Writing fifty books is a major accomplishment. To write that many bestsellers defies the odds. That this book was finished after a death-defying accident is beyond the imagination. Many like me, who hope one day to release our literary masterpiece, have a profound admiration for the author, Stephen King. His descriptive and engaging books captivated us early, perhaps lending to our hopes that ordinary people can and do succeed in publishing a novel.
This book, On Writing, A Memoir of the Craft, is a combination writing guide and auto-biography penned by the master of macabre, the teller of Science Fiction tales, stories of high school romance gone bad, of cars that live and breathe, about dogs who defy their masters, and tales on a myriad of other topics. Where a reader might think the subject matter in a book of this sort might be dry and tedious, Mr. King spins a web of intrigue and mystery within, combining the elements of style with his memories of childhood along with his early experiences at trying to become a published writer.
The tale gives the reader hope that, despite ongoing rejection, if we persist, improve our results and properly tweak our words, we will accomplish that which the aspiring writer seeks. The book answers the questions that some may have wondered: how did Stephen King start out; what inspired him to write his tales; how did he survive the horrific and disabling injuries he sustained when he was broadsided by a van on a highway?
Stephen King's House in Bangor, Maine
The novel answers those questions and gives a great deal more that can be helpful in writing our great American novel. He gives the reader clues about composing, practicing the art, using our worldly experiences in creating fiction, capturing the moment, creating characters, editing our work without remorse and much more in these 291 pages jam packed with good advice, humor and even some cringe worthy stories.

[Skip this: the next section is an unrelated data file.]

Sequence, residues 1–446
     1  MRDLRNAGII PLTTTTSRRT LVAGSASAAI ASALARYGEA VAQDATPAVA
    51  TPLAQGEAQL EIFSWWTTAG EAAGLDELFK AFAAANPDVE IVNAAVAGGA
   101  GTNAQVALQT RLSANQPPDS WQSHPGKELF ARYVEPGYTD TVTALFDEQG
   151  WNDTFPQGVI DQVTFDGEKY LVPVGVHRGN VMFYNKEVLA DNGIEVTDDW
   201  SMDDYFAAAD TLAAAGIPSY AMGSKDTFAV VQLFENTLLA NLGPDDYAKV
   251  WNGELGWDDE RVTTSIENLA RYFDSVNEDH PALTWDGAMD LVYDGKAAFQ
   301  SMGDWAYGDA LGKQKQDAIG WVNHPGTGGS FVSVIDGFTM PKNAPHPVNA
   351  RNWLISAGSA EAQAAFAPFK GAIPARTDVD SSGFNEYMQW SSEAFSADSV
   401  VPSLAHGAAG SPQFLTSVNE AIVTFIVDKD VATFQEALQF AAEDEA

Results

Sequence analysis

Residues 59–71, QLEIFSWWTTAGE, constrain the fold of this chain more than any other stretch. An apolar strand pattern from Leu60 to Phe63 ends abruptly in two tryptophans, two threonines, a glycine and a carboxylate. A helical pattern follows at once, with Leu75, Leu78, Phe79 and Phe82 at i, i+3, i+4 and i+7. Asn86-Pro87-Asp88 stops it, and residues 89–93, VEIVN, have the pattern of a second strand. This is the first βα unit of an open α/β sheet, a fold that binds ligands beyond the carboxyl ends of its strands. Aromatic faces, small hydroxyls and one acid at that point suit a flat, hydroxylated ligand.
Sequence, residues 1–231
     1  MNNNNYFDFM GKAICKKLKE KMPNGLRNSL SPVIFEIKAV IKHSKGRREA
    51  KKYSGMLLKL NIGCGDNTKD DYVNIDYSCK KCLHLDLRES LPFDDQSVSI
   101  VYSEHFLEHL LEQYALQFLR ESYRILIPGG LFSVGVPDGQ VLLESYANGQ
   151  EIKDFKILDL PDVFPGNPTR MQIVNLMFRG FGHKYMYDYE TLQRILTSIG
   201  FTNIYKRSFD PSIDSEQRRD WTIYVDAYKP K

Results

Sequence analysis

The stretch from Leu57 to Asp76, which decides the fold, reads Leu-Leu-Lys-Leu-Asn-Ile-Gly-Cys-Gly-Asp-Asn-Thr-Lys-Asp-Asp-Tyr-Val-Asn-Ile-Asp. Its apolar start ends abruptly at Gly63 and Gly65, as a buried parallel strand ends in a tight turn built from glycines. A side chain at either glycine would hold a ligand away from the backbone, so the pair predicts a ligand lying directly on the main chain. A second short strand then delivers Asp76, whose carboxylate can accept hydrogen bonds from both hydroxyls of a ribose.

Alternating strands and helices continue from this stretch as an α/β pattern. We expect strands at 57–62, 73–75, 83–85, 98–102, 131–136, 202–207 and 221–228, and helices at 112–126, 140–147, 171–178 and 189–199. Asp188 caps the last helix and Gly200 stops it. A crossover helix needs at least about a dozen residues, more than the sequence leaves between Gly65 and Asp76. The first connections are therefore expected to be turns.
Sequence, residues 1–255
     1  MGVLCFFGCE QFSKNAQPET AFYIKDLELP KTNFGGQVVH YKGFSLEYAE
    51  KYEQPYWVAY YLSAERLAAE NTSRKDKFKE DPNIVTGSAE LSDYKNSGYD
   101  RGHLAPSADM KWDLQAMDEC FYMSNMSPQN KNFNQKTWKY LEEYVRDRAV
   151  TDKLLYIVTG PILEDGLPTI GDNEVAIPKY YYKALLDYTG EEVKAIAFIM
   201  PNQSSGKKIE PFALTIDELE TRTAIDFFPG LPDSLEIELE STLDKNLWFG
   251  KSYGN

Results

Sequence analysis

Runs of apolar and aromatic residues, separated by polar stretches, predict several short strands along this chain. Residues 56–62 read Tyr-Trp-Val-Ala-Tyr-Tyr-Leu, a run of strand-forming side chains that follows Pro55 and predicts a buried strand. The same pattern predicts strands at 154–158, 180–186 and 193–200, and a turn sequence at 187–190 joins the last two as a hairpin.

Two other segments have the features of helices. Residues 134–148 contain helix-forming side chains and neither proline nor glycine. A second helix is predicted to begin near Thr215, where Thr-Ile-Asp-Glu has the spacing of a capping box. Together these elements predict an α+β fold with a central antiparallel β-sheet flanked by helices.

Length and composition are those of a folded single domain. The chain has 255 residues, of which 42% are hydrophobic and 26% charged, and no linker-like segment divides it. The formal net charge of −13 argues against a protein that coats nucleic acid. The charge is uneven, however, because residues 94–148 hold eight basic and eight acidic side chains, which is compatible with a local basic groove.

In his usual style, employing descriptive prose, he shares the struggles of growing up poor, of working in dead-end factory type jobs, of sibling rivalry and competition, of mistreatment from caregivers, family members and peers. He describes about learning the perils of plagiarism, of creative buffoonery gone sour, of teacher retaliation, of being the outcast. He shares common experiences and those beyond the everyday variety: recuperation from devastating, bone crushing injury, during which he maintained the work ethic that led to his ultimate success.
He states that “Good writing is often about letting go of fear and affectation,” of “writing to the best of our abilities” and choosing the right tools for the job. He challenges the writer to create a toolbox of talent from which we can draw when needed; when our task becomes difficult, our road veers into wilderness and fog impairs our vision. He suggests that if we wish to become a great writer that we must do two things: read a lot and write a lot. He says, “Every book you pick up has its own lesson or lessons, and quite often the bad books have more to teach than the good ones.”
Stephen King’s memoir is memorable, provides useful examples, cautionary admonitions and is pure fun reading. It’s a good story, which he explains is what book buyers are looking to “take with them on the airplane, something that will first fascinate them, then pull them in and keep them turning the pages.” He has successfully used every tool in his toolbox in writing this novel.